In a years-long awaited move, Twitter announced that it will start fighting off the vast armies of trolls poisoning the beloved social network.
This is badly needed, as I saw last summer, when I was following the #MH17 hashtag where in a matter of hours armies of Moscow-paid trolls started poisoning the hashtag feed with the most toxic, most poisonous, most fake allegations.
Other than reporting accounts as spam, I, as a regular Twitter user had little leverage into voicing down the obviously fake accounts and into helping the world by distributing verifiable, verified, quality information.
At some point, it has gotten so bad that trolls were saying that the missing MH370 flight (en route to Beijing) was kidnapped by USA and/ or NATO and destroyed, months later, above Eastern Ukraine and that MH17 (downed by Russian military in Ukraine) was just some elaborate hoax meant to blame it on the Russians.
This made me sick to my stomach, with so dirty allegations while so many people died and with so many grieving people left behind, so many untold goodbyes and, yet, an army of brainless, spineless, for-profit online thugs were trying really hard to hide the truth, or the graphics of their actions of looting and so much more.
So, dear Twitter, your phone validation of Tor-accessed accounts is a good thing. But it does not suffice so here I come to your helping, expressing some ideas that might help you identify trolls.
1. Use text patterns
Let’s take, for instance, the #Ukraine hashtag. Most trolls use words such as “junta” to describe the democratically-elected government of Ukraine. As a matter of fact, these trolls received a series of memes to be spread about Kiev and were trolling using lists of tweets that were already provided to them, with little or no modifications whatsoever.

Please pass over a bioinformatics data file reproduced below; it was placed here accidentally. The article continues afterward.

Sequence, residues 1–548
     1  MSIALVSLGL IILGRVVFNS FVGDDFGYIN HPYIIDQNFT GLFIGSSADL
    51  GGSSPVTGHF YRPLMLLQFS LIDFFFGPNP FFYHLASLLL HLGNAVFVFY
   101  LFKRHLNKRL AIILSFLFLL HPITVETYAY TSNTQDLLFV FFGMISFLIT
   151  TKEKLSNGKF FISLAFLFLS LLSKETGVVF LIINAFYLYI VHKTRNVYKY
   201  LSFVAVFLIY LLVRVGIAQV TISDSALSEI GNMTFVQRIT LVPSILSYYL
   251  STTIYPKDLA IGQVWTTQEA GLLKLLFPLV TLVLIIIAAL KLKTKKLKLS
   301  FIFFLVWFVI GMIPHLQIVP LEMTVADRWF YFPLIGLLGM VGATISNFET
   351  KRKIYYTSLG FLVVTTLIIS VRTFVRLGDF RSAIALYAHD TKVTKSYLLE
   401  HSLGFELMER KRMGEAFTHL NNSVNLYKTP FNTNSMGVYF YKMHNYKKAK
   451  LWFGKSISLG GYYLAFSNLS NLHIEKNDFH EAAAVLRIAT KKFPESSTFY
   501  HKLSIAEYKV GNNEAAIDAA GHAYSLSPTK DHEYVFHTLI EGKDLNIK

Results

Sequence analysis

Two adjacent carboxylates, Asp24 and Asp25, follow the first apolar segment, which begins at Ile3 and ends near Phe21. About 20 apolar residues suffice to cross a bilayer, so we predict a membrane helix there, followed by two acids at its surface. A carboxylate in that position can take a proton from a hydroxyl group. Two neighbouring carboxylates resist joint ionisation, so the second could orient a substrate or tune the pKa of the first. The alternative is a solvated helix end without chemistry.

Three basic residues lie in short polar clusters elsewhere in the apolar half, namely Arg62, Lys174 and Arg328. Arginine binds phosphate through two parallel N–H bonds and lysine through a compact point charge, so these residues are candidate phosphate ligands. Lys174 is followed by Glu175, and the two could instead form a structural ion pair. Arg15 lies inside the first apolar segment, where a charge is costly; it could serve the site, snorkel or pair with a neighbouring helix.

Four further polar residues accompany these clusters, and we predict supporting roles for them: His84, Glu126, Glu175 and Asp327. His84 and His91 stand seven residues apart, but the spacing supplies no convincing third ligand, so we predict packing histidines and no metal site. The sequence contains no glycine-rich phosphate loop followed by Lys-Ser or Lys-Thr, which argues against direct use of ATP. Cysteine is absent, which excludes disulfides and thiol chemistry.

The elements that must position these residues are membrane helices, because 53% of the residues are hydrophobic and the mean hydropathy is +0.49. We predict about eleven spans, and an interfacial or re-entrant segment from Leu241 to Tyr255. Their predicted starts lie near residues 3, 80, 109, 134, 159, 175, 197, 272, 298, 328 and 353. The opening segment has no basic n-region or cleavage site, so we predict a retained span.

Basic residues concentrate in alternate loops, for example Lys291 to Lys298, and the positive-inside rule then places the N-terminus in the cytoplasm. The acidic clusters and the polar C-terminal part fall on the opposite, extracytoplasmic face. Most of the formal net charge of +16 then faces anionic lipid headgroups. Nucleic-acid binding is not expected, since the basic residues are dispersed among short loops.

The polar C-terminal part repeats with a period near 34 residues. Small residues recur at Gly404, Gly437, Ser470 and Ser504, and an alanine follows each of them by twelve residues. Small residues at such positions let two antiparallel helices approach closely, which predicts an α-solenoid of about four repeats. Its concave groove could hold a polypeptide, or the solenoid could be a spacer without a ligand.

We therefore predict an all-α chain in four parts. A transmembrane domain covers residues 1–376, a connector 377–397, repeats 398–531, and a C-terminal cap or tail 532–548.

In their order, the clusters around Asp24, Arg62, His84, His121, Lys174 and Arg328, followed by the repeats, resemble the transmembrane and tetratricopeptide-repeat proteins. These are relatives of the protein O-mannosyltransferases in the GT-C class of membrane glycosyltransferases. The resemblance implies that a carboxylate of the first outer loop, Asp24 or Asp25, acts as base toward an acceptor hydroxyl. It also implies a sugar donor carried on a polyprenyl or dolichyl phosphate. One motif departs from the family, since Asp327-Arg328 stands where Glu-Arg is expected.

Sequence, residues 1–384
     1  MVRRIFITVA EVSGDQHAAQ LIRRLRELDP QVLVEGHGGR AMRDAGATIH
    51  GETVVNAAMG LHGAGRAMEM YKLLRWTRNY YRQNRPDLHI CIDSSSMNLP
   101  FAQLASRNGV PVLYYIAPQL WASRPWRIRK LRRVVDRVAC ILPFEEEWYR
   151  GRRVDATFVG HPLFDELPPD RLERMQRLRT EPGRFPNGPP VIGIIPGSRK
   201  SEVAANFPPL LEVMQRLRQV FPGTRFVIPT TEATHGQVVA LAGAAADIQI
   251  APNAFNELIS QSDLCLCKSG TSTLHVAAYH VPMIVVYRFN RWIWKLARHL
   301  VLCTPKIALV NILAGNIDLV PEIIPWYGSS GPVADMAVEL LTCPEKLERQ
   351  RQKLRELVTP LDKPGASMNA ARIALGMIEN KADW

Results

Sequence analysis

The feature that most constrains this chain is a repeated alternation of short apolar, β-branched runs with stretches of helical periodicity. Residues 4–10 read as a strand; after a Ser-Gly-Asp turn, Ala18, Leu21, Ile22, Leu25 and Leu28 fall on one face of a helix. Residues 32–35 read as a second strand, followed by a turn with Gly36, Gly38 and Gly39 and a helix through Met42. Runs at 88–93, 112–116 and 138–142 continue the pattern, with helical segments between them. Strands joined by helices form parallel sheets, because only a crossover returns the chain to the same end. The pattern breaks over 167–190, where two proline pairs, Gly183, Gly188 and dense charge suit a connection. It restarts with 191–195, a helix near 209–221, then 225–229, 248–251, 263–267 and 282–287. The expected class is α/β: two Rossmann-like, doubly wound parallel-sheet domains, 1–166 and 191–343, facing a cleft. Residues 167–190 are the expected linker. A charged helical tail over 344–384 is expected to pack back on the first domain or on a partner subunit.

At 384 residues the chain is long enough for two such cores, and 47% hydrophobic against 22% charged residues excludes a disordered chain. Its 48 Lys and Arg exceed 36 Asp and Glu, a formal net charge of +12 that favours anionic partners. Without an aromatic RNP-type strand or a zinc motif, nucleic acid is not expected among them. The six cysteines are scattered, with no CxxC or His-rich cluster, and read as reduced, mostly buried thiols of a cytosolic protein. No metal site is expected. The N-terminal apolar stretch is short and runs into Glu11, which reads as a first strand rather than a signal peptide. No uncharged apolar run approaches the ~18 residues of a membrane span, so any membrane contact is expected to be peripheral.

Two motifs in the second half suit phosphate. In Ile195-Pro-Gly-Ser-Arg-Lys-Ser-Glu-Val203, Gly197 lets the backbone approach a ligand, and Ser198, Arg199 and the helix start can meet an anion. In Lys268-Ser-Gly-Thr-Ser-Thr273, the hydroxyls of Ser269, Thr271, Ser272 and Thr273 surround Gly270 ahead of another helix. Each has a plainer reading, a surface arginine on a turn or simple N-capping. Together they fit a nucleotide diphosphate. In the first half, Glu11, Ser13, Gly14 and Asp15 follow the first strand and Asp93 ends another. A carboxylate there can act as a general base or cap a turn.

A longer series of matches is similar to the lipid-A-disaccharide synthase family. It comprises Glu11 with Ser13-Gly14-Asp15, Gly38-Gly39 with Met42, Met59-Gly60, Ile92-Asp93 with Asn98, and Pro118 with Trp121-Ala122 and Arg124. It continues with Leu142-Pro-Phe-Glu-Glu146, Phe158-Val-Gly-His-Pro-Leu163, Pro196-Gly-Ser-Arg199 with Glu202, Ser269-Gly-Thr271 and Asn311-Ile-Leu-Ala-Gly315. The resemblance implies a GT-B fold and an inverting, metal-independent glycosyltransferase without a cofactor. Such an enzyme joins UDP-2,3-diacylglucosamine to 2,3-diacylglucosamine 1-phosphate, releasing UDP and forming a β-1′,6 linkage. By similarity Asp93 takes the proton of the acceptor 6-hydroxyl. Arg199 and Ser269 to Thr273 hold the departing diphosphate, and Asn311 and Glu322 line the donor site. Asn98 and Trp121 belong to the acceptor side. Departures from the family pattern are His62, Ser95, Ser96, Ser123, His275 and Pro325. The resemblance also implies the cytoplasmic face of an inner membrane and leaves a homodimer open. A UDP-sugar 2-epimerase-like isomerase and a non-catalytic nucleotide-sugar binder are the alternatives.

2. Use behavioral patterns
As with #MH17, the feed was intoxicated by new accounts, or by accounts that were left inactive for months at a time, none of them verified.
Also, they were arguing, mostly, with unverified accounts, and were attacking victims in hounds of fake/ new/ unverified accounts. This led to their victim getting overwhelmed with answering the bullsh*t allegations, rendering it unable to disseminate any more quality information.
They were effective.
3. Use information sources patterns
More often than not, in regards to #MH17, these trolls were spreading fake information by retweeting questionably-valid information, like that produced by RT. All, all trolls I ever encountered on #MH17 and #Ukraine are actively spreading RT and TASS propaganda.
So, it some new/ inactive/ unverified users are suspiciously-eager to distribute information coming from questionable sources, maybe their intents are questionable.
4. Use hashtag-specific patterns
When something important happens, a hashtag is generated by the community and trolls flood the discussion. It is the discussion, however, that’s betraying their actions: trolls that never spoke of some subject, not even remotely, were becoming very active and very proficient on the topic at hand.
5. Use language-related patterns
What are the odds some Tor-connected fellow in Canada only tweets in Russian? Or Thai? Or only on a topic and only in a certain language? Nill.
I believe these five methods could generate weights. Meaning, some tweet with a weight of 8 is very, very likely to be just trolling and we don’t want that, do we?